how to grow your own garlic chives

You Can Eat Garlic Sprouts

how to grow your own garlic sproutsHow many times have you reached into your pantry and pulled out a bulb of garlic that's sprouting?

Have you ever heard or read where we're not suppose to eat the green shoot inside our garlic cloves?  Well, it's true what they say, that premature green shoot produces a bitter flavor when it's cooked.  Now you can remove that premature shoot and use the remaining clove as intended, if you don't have fresher garlic.

However, before you start cutting, try growing your own garlic sprouts.  They are super easy to grow right from your kitchen window with just a little water in the bottom of a cup or bowl.

Garlic sprouts are very mild in flavor.  Initially, the bite of garlic that hits your palate is unmistakably garlic but it doesn't hang long, compared to eating a fresh garlic clove that will stay with you for hours and hours, even after you've brushed your teeth.

Place the budding clove or whole bulb in a small cup or bowl.  Using a clear container really helps you see when the water needs to be changed and you can watch the roots grow.  Add just enough water to cover the bottom of the cup and touches just the bottom of the cloves.  Do not submerge the cloves or the water will become cloudy, smelly and the cloves will begin to rot.  Not good.

The garlic cloves will begin producing roots very quickly after a few days.  It's good practice to change out the little bit water in the cup or bowl when it begins to look slightly cloudy, which is every couple of days.  Soil is not required because the green shoots rising up are getting all their nutrients from the individual cloves.  Plenty of light and fresh water will do nicely.

You can begin harvesting garlic sprouts when the shoots are 3-inches tall; there could be 2 to 3 shoots growing out of each clove.  Try not to remove more than a third of the growing blades.  The green blades capture energy from the sun to grow taller.  Much like a green onion, garlic sprouts grow from within the a single sprout.  Cutting the main sprout back down to the clove will not produce more shoots.  sprouts will grow as tall as 10-inches if left alone.

Use sharp kitchen scissors to snip off just what you need for your recipe. Two-inches of a sprouts blade can roughly make 1 tablespoon of sprouts.

Ideally, their flavor is best appreciated eaten fresh.  Garlic sprouts are excellent on top of baked potatoes, green salads, vegetable salads, or stirred into egg salads, pasta salads, dips, and as a quick garnish over hummus or guacamole.

Choose a sunny spot, if you have it, a little shade is okay.  You can plant garlic cloves directly in the soil about an inch deep and see sprouts growing up after a couple of weeks.  If you want to move the sprouted cloves from indoors to the outside, they should transplant into the soil just fine.  Plant each clove 4 to 6-inches apart.  Keep the soil moist, not soggy, for a couple of weeks, allowing time for the roots to adjust to taking up water from the soil on their own.  Garlic is tough and easy to grow. Harvest the sprouts the same as directed above, removing only a third of the blade tops or remove one whole blade, if other blades are growing out of the same clove.

Just have fun growing them.  It's more fun than painstakingly removing small sprouts out of each clove and it's way better than tossing all that potential in the garbage.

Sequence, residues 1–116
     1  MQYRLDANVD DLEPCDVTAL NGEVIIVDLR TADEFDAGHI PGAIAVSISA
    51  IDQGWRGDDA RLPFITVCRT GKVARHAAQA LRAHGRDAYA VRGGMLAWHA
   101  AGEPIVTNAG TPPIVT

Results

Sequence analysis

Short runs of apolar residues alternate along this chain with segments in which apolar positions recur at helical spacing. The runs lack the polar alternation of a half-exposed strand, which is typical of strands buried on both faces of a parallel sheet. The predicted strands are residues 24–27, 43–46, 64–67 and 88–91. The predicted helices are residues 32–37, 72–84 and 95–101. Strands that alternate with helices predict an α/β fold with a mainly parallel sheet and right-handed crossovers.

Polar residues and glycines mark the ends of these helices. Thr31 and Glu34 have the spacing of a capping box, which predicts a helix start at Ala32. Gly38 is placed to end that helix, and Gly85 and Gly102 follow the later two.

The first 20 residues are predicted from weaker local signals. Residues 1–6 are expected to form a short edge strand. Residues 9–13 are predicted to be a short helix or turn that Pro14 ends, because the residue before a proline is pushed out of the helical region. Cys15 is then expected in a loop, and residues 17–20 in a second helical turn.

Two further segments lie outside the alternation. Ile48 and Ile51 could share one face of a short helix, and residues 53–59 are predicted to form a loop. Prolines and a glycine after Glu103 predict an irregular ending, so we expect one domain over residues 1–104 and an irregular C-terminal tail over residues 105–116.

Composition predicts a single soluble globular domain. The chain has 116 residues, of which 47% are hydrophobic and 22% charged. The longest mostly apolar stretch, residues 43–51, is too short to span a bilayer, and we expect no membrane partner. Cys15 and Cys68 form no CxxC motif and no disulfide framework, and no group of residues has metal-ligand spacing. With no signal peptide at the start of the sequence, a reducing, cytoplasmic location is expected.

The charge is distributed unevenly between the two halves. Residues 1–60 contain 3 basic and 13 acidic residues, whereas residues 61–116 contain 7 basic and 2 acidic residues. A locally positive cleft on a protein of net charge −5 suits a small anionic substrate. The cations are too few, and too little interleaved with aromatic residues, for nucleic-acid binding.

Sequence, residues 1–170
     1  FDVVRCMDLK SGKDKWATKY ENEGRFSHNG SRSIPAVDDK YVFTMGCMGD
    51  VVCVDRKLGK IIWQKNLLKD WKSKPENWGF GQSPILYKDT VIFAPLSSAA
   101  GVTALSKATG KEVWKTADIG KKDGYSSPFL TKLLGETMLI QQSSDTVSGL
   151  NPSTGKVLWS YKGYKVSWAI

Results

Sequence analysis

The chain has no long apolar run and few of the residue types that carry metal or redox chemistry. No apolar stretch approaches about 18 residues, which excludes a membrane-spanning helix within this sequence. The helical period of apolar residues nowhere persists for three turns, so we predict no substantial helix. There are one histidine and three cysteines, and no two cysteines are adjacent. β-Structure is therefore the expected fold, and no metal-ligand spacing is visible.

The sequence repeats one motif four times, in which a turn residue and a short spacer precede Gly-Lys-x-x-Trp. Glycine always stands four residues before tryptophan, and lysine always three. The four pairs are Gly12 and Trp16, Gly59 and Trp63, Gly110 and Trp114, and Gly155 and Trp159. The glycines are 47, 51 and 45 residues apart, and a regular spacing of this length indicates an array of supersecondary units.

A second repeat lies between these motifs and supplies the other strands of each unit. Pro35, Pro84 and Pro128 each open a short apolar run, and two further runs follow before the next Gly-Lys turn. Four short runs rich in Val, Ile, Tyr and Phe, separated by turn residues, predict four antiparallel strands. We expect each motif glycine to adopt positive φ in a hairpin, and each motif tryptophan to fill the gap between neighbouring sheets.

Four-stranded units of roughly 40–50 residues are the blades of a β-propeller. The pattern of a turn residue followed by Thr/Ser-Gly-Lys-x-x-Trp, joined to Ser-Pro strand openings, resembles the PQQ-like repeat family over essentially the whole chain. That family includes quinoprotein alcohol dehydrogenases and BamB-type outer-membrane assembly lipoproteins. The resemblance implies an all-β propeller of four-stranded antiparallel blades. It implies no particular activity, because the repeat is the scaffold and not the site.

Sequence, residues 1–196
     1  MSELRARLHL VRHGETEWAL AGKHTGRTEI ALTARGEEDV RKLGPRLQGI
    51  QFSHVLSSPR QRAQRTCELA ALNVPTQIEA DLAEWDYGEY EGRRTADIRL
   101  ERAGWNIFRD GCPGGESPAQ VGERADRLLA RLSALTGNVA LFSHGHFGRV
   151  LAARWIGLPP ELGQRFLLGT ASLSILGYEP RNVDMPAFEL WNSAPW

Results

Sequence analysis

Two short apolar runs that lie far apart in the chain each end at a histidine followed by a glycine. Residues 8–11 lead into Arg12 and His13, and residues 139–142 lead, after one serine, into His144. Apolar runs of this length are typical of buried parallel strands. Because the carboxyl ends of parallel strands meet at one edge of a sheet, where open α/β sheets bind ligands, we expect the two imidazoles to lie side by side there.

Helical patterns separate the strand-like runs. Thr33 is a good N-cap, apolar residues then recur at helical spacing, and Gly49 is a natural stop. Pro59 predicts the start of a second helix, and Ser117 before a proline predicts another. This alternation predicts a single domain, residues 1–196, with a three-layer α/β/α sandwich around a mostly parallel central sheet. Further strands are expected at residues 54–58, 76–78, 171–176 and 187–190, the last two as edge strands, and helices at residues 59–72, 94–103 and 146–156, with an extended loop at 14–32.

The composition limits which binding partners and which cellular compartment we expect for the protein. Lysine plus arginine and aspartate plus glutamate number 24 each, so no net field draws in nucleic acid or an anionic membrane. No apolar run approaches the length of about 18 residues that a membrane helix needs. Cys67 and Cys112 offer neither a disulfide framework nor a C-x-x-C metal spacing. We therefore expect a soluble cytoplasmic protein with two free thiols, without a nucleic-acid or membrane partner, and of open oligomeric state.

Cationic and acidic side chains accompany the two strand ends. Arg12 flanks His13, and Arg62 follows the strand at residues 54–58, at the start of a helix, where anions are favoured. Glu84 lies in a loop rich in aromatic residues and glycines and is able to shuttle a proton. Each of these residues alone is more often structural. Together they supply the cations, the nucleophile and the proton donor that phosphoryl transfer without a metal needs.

• Great post…worth trying the next time the garlic sprouts.

    • Thank you, Peter!

  • I think I love the idea…it’s pretty too! Thank you Jill.

  • Thank you, Deeba! It’s nice having fresh flavors right in the kitchen window.

  • Jill

    I am a garlic nut and will definitely be trying this!! Thank you!

    • You’re welcome, Jill. You have such a lovely name ;D

      I’m with you. I was just saying to someone that I love garlic as much as I love chocolate. They both hit a chord deep inside.

  • Fabulous post Jill! Stumbled 🙂

    • Thank you Amanda!

  • Ed

    Thank you for the wonderful idea. I never thought of it. Always used seeds myself.

  • White

    I grow garlic chives, and chives, and several varieties of garlic (both soft-neck and hard-neck). I have to quibble with your use of the term “garlic chives” for this. It might be better to call these: “garlic sprouts”.

    “Garlic chives” (Allium tuberosum) are a completely separate species from “regular” garlic (Allium sativum), or “regular” chives (Allium schoenoprasum).

    I see some previous commenters have been misled already. Not fair, in my opinion.

    • Thank you for setting the record straight. I certainly thought I was giving out the right terminology. But I stand corrected and that’s good! I apologize to everyone for this misleading information. If I could, I would change the title and certain bits to say “Garlic Sprouts”.

      Thankfully, they still taste wonderful with salads, baked potatoes, any where green onions or scallions can be used.

  • Ria Rosdiana

    Hi Jill… It’s a great idea.. and thank you fir sharing your knowledge..

    can i grow onion this way??

    i am a garlic lover and onion lover.. hahaha..

    great Job Jill

  • JeannieGuzman

    I really love this idea of growing garlic. I’m a potter, and I make small containers for “Forcing small bulbs.” I think that I am going to start to make “garlic-forcing vessels,” and it’s all because of the idea that I saw on this website. Many thanks! Jeannie

  • Shaan

    Saw your post on pinterest. it is nice to grow your own food. 🙂 liked your post keep it up.